First Nations youth delegate feels weight of responsibility ahead of meeting with the Pope

CBC (Canadian Broadcasting Corporation) [Toronto, Canada]

March 26, 2022

By Kate Partridge

‘It’s nerve-wracking, but I’m also looking forward to it, to the discussions we’re going to have’

WARNING: This story contains distressing details.

A Dene woman from the Fort Nelson First Nation in northern B.C. is feeling the weight of responsibility as she prepares to travel to the Vatican to represent intergenerational survivors in an audience with the Pope.

Taylor Behn-Tsakoza, 26, is the youth delegate for the Assembly of First Nations (AFN) taking part in the historic meetings set for next week. She is part of a larger group of First Nations peoples, including Inuit and Métis representatives, asking Pope Francis for an apology for the harm done by Roman Catholic-run residential schools. 

“It’s nerve-wracking,” Behn-Tsakoza said. “But I’m also looking forward to it, to the discussions we’re going to have.”

Representing young Indigenous people and her community is a responsibility she doesn’t take lightly. 

As the youth delegate, Behn-Tsakoza will be asking Pope Francis to consider the relationship between the Roman Catholic Church and Indigenous people.

“What does our future relationship look like for us as Canadians, for us as First Nations people and for the next generation that’s going to have to carry on this legacy of reconciliation, healing and truth-telling?”

[Photo: Behn-Tsakoza will be travelling from her home in Fort Nelson, B.C., to the Vatican this weekend. She’s hoping the Pope will apologize for the Catholic Church’s role in residential schools. (Submitted by Taylor Behn-Tsakoza)]

Behn-Tsakoza says she is relying on elders and leaders to keep her grounded on the trip and is staying off social media in order to focus on the task ahead of her.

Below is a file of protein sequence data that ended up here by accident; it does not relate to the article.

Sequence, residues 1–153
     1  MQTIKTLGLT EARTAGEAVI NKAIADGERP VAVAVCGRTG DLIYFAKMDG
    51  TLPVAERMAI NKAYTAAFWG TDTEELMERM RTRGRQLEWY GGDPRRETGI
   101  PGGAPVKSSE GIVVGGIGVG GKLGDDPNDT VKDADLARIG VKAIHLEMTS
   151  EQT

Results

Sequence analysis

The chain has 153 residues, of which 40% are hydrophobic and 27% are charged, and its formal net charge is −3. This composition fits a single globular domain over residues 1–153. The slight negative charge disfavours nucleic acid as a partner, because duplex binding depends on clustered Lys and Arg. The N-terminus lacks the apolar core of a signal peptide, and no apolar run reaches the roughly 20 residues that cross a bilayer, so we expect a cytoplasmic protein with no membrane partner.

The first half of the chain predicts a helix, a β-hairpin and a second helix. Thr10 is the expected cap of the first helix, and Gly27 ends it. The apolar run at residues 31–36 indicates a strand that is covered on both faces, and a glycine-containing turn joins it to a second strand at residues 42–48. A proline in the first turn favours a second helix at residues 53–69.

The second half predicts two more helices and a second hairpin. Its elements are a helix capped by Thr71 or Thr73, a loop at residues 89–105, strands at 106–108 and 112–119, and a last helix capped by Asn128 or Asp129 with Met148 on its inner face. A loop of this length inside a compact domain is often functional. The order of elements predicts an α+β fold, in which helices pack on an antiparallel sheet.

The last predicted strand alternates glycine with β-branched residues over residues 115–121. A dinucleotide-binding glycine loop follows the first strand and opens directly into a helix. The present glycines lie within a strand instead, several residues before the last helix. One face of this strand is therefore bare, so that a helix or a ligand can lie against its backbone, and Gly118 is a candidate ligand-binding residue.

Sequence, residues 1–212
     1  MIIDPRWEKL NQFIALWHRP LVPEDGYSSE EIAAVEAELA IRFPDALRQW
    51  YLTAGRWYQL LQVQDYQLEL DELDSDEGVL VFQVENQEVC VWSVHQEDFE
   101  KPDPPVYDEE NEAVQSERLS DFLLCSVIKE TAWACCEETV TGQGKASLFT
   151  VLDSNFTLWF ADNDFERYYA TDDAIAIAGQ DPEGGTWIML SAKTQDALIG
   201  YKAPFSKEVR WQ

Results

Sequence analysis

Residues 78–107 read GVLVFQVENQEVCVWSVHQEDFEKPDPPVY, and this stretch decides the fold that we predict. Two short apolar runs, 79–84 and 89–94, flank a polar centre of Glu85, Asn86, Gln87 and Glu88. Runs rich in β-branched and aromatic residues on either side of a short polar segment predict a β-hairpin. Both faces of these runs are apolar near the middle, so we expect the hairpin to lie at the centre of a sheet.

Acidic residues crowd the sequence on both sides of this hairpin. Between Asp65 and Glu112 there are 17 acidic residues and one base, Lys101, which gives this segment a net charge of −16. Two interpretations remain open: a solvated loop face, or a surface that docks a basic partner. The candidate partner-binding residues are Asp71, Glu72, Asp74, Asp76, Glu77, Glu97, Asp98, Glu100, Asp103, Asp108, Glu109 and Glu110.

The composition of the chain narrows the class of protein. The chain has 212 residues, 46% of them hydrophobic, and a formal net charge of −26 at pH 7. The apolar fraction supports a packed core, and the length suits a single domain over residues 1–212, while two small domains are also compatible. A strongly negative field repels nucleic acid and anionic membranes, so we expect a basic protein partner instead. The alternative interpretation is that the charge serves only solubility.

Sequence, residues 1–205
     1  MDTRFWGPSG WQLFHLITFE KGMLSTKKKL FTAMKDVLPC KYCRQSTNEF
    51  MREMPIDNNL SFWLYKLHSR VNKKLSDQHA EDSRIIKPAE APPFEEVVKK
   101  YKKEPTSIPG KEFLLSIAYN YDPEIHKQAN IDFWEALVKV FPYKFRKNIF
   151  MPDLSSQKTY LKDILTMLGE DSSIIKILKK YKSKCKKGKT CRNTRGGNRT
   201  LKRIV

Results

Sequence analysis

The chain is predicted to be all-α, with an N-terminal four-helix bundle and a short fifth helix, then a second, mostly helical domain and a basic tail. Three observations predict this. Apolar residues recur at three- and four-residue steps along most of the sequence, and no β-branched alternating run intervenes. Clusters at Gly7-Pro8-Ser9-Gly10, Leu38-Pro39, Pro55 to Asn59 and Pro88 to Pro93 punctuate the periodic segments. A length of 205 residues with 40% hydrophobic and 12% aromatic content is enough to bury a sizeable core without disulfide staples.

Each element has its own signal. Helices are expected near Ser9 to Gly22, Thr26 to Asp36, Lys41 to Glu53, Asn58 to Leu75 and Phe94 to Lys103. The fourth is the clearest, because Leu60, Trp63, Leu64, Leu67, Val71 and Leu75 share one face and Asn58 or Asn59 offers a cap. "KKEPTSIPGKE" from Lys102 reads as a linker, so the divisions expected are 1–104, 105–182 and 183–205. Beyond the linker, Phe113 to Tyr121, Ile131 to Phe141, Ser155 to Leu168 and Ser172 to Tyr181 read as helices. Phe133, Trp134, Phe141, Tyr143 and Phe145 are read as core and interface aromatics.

The visit is also part of a personal journey toward healing. Both her parents were forced to attend the Lower Post residential school near the B.C.-Yukon border. 

Funded by the Canadian government and operated by the Roman Catholic Church, the Lower Post residential school was open from 1951 to 1975, impacting thousands of families. Survivors have shared cases of physical and sexual abuse committed by those who ran the school. 

“I still live with the impacts every single day. They call my generation ‘intergenerational survivors’ and … we also have a story to tell,” said Behn-Tsakoza. 

“I’m really holding up our survivors and our knowledge keepers that are going but also creating space for the story of intergenerational survivors … who are impacted in many ways emotionally.”

It’s a perspective that Rosalie LaBillois of the Eel River Bar First Nation fought to have included. LaBillois is the co-chair of the Assembly of First Nations National Youth Council and is also traveling to Rome as the AFN’s New Brunswick representative.

[Photo: Rosalie LaBillois, of Eel River Bar First Nation, is co-chair of the Assembly of First Nations National Youth Council. She will travel with a delegation of 29 other elders, knowledge keepers, residential school survivors and youth to meet Pope Francis. The delegation is seeking a formal apology for the Roman Catholic Church’s role in running residential schools. (Rosalie LaBillois/Linkedin)]

“We really pushed for having a youth delegate and seeing the importance of not wanting to take space from other survivors but really wanting to advocate for our realities,” said LaBillois.

“We may not have gone through that direct system, but we understand the impacts and the effects and we feel that in our everyday lives.”

In 2015, the Truth and Reconciliation Commission called on the Pope to acknowledge and atone for “the Roman Catholic Church’s role in the spiritual, cultural, emotional, physical, and sexual abuse of First Nations, Inuit, and Métis children.” 

Behn-Tsakoza said she’s hopeful an apology will come from this trip, but says the matter won’t be dropped if the Pope refuses.

“I don’t think we will stop until we hear those words.”

In 2019, Behn-Tsakoza was chosen to represent Prince George-Peace River-Northern Rockies in the Daughters of the Vote delegation to Parliament. She was one of dozens of young women who turned their backs to Prime Minister Trudeau in the House of Commons in an act of protest.   

Since completing her degree in 2020, Behn-Tsakoza has been working in her home community of Fort Nelson in land-based education and renewable energy.

Support is available for anyone affected by their experience at residential schools or by the latest reports.

A national Indian Residential School Crisis Line has been set up to provide support for former students and those affected. People can access emotional and crisis referral services by calling the 24-hour national crisis line: 1-866-925-4419.